The purpose of this paper is to provide an insight into small firm entrepreneurs' perceptions of success and how these perceptions affect the performance of a firm. The emphasis is on non‐financial measures of success and their interaction with the financial indicators of a firm's performance.

Design/methodology/approach

The paper presents a comparative analysis of two separate studies conducted in the same geographical area in Finland. The studies were concerned with micro‐businesses in the industries of craft and rural tourism.

Findings

The study finds that non‐financial meters of success that are affected by the entrepreneur's motivations and goals influence the financial performance of the small firm. Making a living is important, but going beyond that is not often seen of great concern. Consequently, the entrepreneurs are likely to measure their performance by other criteria and find success, e.g. in job satisfaction and satisfied customers.

Research limitations/implications

In the data collection process, the used questions and themes were not identical. The main themes of performance, growth and success are, however, comparable.

Practical implications

The paper provides useful information about small firm entrepreneurs' perceptions and attitudes of success and growth and how these affect the management of the firm.

Originality/value

This paper brings empirical evidence to the studies of factors affecting small firm performance. In addition, it offers useful insight into the non‐financial measures of success.

Details

Journal of Small Business and Enterprise Development, vol. 14 no. 4
Type: Research Article
ISSN: 1462-6004

Keywords

Article
Publication date: 20 September 2011

Juho Pesonen, Raija Komppula, Christopher Kronenberg and Mike Peters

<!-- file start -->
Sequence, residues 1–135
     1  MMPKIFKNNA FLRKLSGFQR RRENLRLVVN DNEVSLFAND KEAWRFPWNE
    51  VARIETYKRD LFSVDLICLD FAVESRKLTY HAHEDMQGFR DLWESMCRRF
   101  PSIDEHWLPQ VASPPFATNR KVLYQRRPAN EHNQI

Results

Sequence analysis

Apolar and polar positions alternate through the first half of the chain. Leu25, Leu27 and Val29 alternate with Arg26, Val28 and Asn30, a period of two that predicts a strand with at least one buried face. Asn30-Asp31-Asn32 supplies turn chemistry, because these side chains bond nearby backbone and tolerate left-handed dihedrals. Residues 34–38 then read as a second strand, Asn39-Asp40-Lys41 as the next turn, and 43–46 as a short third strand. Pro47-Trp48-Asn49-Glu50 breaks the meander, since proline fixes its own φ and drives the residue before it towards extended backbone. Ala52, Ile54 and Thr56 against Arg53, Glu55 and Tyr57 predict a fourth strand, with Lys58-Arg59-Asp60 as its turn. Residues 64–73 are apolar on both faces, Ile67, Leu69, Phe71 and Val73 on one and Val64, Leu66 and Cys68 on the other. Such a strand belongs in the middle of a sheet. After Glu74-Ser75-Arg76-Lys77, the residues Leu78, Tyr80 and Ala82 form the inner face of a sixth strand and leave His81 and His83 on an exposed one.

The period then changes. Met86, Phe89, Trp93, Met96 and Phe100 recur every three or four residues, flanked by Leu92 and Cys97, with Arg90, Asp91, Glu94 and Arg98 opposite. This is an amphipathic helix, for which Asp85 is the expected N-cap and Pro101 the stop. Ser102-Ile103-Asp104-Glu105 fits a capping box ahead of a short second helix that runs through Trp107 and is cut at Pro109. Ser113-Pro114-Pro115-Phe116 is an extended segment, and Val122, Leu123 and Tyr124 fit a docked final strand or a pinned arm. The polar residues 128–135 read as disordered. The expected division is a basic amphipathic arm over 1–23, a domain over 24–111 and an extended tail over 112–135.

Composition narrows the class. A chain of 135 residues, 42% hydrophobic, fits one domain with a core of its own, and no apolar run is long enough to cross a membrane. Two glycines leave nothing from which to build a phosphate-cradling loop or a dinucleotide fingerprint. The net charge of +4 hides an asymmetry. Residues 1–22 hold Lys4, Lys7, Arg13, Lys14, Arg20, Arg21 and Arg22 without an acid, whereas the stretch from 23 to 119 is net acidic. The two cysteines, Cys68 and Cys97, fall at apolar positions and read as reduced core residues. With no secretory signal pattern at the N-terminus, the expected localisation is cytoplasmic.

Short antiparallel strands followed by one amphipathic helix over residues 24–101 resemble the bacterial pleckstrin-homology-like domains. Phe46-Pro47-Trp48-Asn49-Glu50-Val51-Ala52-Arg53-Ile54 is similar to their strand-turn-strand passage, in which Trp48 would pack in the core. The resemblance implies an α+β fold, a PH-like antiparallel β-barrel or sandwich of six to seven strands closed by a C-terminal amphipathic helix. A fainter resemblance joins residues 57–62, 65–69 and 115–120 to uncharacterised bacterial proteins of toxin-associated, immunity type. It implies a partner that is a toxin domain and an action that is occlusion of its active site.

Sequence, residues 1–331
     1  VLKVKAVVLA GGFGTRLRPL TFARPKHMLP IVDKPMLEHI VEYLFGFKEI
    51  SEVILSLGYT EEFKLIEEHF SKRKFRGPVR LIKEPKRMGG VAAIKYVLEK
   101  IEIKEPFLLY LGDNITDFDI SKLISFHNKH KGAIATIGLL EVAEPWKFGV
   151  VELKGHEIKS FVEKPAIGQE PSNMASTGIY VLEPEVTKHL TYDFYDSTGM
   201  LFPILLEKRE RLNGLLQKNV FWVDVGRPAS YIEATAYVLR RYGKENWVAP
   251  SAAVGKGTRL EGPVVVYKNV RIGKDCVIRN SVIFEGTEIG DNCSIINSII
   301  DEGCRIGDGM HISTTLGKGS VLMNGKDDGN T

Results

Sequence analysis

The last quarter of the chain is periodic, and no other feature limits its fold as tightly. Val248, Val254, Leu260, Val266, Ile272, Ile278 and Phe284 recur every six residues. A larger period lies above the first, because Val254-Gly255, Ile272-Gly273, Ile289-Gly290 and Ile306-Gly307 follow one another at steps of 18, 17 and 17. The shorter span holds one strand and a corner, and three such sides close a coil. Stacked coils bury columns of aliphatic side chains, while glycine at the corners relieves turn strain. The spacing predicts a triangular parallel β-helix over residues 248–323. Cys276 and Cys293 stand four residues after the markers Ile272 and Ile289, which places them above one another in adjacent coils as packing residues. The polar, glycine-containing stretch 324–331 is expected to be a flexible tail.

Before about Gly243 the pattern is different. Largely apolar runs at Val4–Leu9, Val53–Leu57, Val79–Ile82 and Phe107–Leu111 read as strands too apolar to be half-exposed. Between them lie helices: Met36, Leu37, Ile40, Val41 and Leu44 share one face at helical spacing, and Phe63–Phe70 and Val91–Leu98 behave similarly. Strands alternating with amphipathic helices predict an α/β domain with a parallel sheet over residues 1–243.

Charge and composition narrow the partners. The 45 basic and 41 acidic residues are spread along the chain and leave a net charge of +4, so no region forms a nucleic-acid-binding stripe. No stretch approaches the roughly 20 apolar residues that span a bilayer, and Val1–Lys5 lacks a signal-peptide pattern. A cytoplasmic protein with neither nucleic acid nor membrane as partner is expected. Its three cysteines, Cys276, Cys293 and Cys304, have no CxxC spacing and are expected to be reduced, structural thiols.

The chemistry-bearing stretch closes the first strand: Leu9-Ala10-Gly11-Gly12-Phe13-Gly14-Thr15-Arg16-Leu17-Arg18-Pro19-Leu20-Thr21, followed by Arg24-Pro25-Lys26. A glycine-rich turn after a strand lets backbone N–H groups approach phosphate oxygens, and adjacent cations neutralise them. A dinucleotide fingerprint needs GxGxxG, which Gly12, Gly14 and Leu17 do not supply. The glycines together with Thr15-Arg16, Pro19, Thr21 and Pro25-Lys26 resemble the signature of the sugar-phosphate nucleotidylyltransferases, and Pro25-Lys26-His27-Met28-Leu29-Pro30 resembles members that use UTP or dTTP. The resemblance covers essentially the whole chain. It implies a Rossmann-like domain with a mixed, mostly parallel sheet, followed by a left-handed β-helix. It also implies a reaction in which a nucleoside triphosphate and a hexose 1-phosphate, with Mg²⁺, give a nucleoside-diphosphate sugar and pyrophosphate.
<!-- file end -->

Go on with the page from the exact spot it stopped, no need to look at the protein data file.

The purpose of this paper is to investigate the differences and relationships of push and pull motivations in two different rural tourism destinations.

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Abstract

Purpose

The purpose of this paper is to investigate the differences and relationships of push and pull motivations in two different rural tourism destinations.

Design/methodology/approach

Data were collected from tourists visiting rural tourism companies in Finland and in Tyrol (Austria). The data were analyzed using analysis of variance and correlation coefficients.

Findings

The results indicate significant differences of push and pull motivations in the two regions. In addition, tourists motivated by different variables obviously search for different destination attributes. For example, tourists motivated by the search of a once‐in‐a‐lifetime experience expect different destination attributes than those respondents searching for a sense of comfort or an opportunity to relax.

Research limitations/implications

The low sample size in both Tyrol and Finland reduces the generalizability of the results.

Practical implications

The findings can be used by rural tourism companies and practitioners to understand how push and pull motivations affect tourist behaviour. Based on this information, marketing initiatives can be customized for various target segments in this particular market.

Originality/value

This is the first paper to examine the inter‐relationship between push and pull motivations in rural tourism and one of the most detailed studies on rural tourist motivations. Additionally, the comparison of the two countries underlines the assumption, that cultural or macro‐economic variables strongly influence push and pull motivations of consumers.

Details

Tourism Review, vol. 66 no. 3
Type: Research Article
ISSN: 1660-5373

Keywords

Article
Publication date: 5 April 2013

Raija Komppula and Jarno Suni

This study is an attempt to increase the understanding of the hunting tourism customer. The purpose of the paper is to explore the characteristics, motivations, values and…

1020

Abstract

Purpose

This study is an attempt to increase the understanding of the hunting tourism customer. The purpose of the paper is to explore the characteristics, motivations, values and expectations of Finnish hunting tourists, and to try to distinguish between different types among them.

Design/methodology/approach

Twelve semi‐structured, narrative, face‐to‐face interviews were conducted. The study was conceived within an interpretive paradigm, in which a central aim is to understand the subjective world of the human experience. Constant comparison was used as a method of data analysis.

Findings